• To F, solo cello piece by Maja Solveig Kjelstrup Ratkje (2011)

Maja Solveig Kjelstrup Ratkje (b. 1973), composer and performer from Trondheim, Norway, finished composition studies at the Norwegian State Academy of Music in Oslo in 2000. Her music is performed worldwide by performers like Ensemble Intercontemporain, Klang- forum Wien, Oslo Sinfonietta, The Norwegian Radio Orchestra, BBC Scottish Symphony Orchestra, Fretwork, TM+, Cikada, Mivos and Bozzini string quartets, Quatuor Renoir, crashEnsemble, Pearls for Swine Experience, Torben Snekkestad, Marianne Beate Kielland, SPUNK, Frode Haltli, POING. Portrait concerts with her music has been heard in Toronto and Vienna, she has been composer in residence at festivals like Other Minds in San Francisco, Trondheim Chamber Music Festival, Nordland Music Festival in Bodø, Avanti! Summer Festival in Finland, Båstad Chamber Music Festival and Huddersfield Contemporary Music Festival.

Ratkje has received awards such as the International Rostrum of Composers in Paris for composers below 30 years of age, the Norwegian Edvard prize (work of the year) twice, second prize at the Russolo Foundation, and in 2001 she was the first composer ever to receive the Norwegian Arne Nordheim prize. Her solo album Voice, made in collaboration with Jazzkammer, got a Distinction Award at Prix Ars Electronica in 2003. In 2013 she was nomi- nated for the Nordic Council Music Prize for her vocal work.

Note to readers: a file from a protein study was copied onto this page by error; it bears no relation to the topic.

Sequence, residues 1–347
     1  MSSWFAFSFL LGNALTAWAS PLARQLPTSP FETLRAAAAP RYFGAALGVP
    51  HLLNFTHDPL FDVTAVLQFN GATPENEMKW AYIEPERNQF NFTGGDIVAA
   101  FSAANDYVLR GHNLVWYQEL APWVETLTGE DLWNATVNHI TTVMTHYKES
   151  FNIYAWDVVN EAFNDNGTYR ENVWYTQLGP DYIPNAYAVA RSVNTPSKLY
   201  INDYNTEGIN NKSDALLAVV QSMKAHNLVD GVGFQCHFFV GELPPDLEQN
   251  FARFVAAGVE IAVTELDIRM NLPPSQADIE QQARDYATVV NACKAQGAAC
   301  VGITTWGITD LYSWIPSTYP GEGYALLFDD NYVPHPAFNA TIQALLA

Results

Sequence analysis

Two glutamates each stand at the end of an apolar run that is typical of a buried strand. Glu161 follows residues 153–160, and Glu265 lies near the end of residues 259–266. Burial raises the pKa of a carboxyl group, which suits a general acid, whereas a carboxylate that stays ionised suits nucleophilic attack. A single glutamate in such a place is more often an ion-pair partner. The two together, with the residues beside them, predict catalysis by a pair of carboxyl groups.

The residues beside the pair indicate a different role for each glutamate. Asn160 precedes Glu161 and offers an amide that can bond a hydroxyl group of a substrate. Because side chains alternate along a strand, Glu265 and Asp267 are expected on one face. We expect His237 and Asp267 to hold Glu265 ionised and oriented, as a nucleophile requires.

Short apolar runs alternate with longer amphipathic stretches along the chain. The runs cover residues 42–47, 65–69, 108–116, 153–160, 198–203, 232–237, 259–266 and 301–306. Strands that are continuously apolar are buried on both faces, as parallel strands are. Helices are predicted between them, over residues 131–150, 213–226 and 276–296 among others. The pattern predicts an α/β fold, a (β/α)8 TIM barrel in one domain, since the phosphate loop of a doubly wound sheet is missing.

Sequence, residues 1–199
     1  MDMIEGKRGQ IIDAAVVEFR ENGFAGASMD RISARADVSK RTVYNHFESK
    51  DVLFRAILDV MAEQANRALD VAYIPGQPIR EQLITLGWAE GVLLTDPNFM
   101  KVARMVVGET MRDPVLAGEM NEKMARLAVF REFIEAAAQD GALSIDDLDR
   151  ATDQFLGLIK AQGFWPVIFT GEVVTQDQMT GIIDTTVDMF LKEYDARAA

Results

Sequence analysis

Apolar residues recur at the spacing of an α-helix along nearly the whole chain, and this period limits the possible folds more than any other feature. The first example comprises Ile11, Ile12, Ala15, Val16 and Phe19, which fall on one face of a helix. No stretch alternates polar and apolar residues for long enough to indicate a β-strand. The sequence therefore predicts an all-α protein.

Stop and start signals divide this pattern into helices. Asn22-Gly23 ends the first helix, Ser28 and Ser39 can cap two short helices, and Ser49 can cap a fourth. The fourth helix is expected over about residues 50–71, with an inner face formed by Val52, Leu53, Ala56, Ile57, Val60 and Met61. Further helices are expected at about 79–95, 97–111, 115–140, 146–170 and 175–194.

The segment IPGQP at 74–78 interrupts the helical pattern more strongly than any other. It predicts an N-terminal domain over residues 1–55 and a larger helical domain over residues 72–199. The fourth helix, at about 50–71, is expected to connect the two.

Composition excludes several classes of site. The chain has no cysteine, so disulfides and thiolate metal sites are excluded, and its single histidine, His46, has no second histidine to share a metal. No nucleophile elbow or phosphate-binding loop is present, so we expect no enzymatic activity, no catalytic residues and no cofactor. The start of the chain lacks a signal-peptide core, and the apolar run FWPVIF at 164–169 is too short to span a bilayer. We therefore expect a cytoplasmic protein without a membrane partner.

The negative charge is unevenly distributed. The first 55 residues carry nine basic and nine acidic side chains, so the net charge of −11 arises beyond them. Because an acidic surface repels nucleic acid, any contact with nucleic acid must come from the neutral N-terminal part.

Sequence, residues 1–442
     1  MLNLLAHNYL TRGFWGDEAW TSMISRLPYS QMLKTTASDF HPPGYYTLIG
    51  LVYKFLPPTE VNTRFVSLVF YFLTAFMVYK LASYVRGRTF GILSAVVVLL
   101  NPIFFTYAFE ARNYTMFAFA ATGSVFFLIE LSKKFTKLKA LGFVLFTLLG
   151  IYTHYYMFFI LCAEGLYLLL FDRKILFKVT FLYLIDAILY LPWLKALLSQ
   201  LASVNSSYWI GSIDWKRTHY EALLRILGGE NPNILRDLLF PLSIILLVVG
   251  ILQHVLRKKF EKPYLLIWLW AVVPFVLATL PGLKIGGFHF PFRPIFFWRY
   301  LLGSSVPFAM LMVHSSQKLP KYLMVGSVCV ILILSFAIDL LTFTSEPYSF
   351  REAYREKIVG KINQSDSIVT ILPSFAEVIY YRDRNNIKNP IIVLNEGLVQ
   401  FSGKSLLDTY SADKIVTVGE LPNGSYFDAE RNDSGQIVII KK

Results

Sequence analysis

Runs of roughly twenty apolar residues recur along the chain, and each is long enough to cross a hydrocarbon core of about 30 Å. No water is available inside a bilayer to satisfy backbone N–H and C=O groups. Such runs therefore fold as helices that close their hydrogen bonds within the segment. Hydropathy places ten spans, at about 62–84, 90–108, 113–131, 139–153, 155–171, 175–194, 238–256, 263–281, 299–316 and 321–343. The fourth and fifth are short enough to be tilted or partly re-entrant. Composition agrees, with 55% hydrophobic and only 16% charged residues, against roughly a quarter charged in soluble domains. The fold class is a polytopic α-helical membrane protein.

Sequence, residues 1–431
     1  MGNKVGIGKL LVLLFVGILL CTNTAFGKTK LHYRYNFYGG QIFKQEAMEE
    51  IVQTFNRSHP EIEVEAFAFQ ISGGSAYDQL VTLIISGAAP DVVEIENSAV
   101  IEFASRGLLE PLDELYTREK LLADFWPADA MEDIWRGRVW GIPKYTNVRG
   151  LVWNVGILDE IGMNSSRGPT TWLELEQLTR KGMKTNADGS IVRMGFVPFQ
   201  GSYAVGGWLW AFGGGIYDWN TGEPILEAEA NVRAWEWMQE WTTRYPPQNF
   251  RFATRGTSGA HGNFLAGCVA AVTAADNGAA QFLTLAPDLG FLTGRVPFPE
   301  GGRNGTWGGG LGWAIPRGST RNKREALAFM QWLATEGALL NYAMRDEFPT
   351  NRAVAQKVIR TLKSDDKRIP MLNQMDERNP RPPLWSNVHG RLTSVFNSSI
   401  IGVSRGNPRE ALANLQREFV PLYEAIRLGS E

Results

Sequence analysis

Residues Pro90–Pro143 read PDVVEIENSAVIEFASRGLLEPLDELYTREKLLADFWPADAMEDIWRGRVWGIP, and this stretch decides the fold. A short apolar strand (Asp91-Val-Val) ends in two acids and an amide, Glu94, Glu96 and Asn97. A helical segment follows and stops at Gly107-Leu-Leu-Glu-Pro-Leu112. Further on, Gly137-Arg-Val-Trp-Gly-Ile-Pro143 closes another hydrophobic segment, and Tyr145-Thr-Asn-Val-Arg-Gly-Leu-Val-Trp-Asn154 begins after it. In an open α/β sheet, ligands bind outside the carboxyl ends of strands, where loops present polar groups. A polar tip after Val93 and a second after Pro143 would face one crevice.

The work To F was composed to Tanja Orning in 2011 and dedicated to Maja’s oldest daughter Frida. Maja says about the piece:

To F is a cello piece which floats past as a mindstream, but with the cellist’s participatory awareness in every tone and in the big waves, the cellist comments on her own play with whistling and vocal that blends in with the sound of the cello. The work is thought of as a bright and easy moment, albeit a little melancholy, stretched out in time, where we get close to the musician without getting any history behind.

Maja S.K. Ratkje, fotografert hjemme på Svartskog.
Foto: Ellen Lande Gossner